Nightclothes & Headphones – Jason Forrest: As close to a straight up pop tune as you could expect from cutup king Jason Forrest. Featuring Laura Cantrell on vocals, this acoustic meets rhythmic glitch fable is a warm breeze through an open car window on a drive with someone you love.
Albums & EPs
Sun & Ice – The Field
Endless loops bring a hint of shoegaze to techno from Kompakt fave The Field. Seefeel for the modern day minimal set.
Don’t Let Stars Keep Us Tangled Up – Cortney Tidwell
Nashville girl with the voice of an angel gets well moody on this superb debut. Themes of loss and love never sounded so beautiful.
MF Doom meets Clutchy Hopkins – Clutchy Hopkins
Original and so groovy, these acoustic samples take Doom into the psychedelic stratosphere in a very funky manner. Seek out “The Life Of Clutchy Hopkins” also.
The Letting Go – Bonnie Prince Billy
Yet another modern masterpiece from Will Oldham, who despite his huge back catalogue, is only just starting to find his true voice and keeps on startling with his songs of forlornly expressed celebration and want.
As The Moon Water Draws – Inch Time
So intricate and intimate. Undercurrents of Drum & Bass, breaks and afro rhythms are barely noticed, but are there somewhere in the mix. Unidentifiable sounds fly from your speakers like lost insects, creating a warm album that demands repeated listens.
Mold The Gold – Pink Nasty
A name to watch in 2007. Sara Beck is Pink Nasty and this album is a rollicking pop release with wry lyrics and tunes that get better on each return. Produced by Paul Oldham and with backing by his brother Will, this is a record I really, really loved this year.
Paper Tigers – Luomo
Mr. Delay gets better and better as Luomo strikes again with the multi layered deeepness of Paper Tigers. Warm and beautiful as well as the most sensual album on this list. Sometimes it’s the beats the producer leaves out that matter.
Avatar – Comets On Fire
The return of the scrwalling guitar line and a heavy metal sensibility soaked in LSD was none more evident than on this album from Comets On Fire. Perfect for feeling alive to and playing very loud.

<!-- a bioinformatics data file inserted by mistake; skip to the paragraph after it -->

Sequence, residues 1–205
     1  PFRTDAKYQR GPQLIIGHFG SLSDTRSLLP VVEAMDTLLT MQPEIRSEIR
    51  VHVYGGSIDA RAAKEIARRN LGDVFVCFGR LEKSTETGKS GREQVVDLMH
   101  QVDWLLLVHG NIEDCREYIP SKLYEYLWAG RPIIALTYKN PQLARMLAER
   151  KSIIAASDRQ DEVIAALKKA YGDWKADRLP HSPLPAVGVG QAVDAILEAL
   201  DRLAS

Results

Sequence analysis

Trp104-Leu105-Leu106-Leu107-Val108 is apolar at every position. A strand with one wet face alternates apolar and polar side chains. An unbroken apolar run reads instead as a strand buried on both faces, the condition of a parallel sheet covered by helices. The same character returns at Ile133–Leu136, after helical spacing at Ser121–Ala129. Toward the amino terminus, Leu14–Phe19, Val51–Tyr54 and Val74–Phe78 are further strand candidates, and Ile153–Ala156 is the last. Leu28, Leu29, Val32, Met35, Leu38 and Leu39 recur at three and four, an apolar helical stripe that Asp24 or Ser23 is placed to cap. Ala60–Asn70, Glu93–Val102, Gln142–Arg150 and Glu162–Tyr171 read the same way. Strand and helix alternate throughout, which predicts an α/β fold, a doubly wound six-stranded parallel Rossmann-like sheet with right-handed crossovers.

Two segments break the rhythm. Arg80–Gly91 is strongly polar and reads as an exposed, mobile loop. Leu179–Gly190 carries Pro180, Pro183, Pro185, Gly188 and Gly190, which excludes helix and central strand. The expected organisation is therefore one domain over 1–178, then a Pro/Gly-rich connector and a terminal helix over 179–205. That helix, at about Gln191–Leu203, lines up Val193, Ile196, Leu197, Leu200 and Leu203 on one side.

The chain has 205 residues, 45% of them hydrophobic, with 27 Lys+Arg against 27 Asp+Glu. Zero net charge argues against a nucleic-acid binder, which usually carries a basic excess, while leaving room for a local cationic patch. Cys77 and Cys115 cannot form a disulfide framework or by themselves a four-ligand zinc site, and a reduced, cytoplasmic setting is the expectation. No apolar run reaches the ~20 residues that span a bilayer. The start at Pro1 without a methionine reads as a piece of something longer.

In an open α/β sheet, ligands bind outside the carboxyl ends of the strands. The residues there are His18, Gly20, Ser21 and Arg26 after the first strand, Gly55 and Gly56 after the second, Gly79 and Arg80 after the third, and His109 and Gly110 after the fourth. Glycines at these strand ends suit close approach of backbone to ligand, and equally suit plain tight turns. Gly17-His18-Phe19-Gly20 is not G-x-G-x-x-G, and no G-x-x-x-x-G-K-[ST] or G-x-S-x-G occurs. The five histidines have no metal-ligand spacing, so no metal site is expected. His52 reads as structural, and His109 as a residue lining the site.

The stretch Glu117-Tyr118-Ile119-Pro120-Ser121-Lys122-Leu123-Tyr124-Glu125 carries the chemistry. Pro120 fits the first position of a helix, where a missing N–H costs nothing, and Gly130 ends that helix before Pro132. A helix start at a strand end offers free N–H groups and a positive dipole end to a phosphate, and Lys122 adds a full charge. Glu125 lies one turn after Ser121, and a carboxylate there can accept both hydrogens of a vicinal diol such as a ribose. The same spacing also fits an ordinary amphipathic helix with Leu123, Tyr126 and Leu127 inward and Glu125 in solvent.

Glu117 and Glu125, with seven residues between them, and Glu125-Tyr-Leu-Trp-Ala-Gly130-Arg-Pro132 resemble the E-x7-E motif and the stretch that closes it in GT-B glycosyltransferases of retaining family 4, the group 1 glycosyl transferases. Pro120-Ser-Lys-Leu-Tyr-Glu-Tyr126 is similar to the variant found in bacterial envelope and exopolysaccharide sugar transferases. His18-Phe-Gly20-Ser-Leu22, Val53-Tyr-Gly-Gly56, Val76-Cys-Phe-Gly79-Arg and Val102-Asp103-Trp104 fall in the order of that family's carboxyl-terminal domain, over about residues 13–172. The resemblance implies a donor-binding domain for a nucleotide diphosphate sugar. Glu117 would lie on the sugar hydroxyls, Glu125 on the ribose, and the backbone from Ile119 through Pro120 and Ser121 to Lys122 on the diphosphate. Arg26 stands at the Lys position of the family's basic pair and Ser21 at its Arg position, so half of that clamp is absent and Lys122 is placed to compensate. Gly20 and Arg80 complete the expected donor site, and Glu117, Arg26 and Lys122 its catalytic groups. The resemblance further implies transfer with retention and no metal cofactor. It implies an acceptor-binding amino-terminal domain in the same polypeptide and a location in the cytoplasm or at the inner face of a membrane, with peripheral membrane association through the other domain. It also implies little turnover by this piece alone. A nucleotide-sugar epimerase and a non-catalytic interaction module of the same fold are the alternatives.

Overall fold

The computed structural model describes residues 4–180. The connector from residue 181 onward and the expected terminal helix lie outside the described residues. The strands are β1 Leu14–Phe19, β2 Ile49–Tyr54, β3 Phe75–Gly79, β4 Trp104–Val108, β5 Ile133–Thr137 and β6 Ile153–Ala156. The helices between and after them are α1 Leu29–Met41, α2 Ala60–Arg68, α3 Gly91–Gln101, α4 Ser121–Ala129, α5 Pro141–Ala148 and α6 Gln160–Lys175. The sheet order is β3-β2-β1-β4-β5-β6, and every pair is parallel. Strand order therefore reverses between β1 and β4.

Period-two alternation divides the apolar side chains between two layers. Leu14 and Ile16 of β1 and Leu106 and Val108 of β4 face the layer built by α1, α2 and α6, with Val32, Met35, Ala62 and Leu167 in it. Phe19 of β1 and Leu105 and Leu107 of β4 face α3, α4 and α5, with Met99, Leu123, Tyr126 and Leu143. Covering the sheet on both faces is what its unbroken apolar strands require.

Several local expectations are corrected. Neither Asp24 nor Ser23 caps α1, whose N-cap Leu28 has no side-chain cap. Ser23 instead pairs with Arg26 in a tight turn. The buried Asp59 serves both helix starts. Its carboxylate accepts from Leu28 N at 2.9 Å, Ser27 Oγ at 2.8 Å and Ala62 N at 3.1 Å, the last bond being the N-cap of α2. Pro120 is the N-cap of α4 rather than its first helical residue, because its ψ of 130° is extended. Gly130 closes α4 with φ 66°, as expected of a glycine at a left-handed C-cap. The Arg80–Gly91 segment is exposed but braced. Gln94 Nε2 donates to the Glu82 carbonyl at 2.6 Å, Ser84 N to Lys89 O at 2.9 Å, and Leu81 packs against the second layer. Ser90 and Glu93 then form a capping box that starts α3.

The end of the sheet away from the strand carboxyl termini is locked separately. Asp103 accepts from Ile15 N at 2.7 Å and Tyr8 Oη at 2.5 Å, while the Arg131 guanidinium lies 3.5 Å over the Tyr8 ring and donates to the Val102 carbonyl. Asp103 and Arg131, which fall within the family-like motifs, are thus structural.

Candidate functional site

Tower Of Love – Jim Noir
Pop silliness with a heartfelt undercurrent. Equal parts Burt and Brian, very English and on the right side of kitsch. Keen to hear what Jim Noir gives us next.
Blow It Up, Burn It Down, Kick It ‘Til It Bleeds – Imitation Electric Piano
Stereolab’s bass player delivers a driving collection of tunes mixing jazz, krautrock, soul and dollops of style to have you grooving into the darkness. The evidence of his time spent with Stereolab is rather evident and would be a worthy companion to any fan of that particular band and sound.
…Until We Felt Red – Kaki King
Bending the rules and the guitar strings, Kaki King delivered this album for fans of John Fahey, Jim O’Rourke and the new old acoustic set (waaa?). Fragile vocals combined with percussive guitar based histrionics are the light and dark of this remarkable artist. Performing as part of the Sydney Festival.
Hello, Dear Wind – Page France
A secular celebration of unrestrained measure. Page France’s “Wind” gave us the year’s most joyous song with “Chariot” from an album packed with religious themes and celebrations, but in no way a religious album (unless you prescibe to the churches of The Polyphonic Spree and The Arcade Fire).
Tales From The Tightrope – Directorsound
One I reviewed for Cyclic that became my most treasured album of 2006. Dusty, creaky instrumentals from a film that never existed – I listened to it so many times in so many settings. Created in Dorset by 24 year old Nick Palmer and transplanted into my life in Sydney. Thanks to Seb and to Nick for this.
Secret Miracle Fountain – Function
A close second to the aforementioned Directorsound came via Adelaide artist Function. Recorded over 4 years in 10 different countries and featuring over 20 different musicians, this densley layered recording of what is essentially pop music taken to another place was a revelation for me this year. As long as people keep thinking outside the square and making music like this in the future, i’ll be a very happy man.
So, in reviewing my opening statement to this piece, i still agree that 2006 wasn’t a landmark year for change and force within the musical landscape, but it did produce some fantasic sounds that i know I’ll be checking for a long tme to come. 2007 is already looking promising, and after hearing new albums from Air and the High Llamas, I’m very much looking forward to what it might have in store.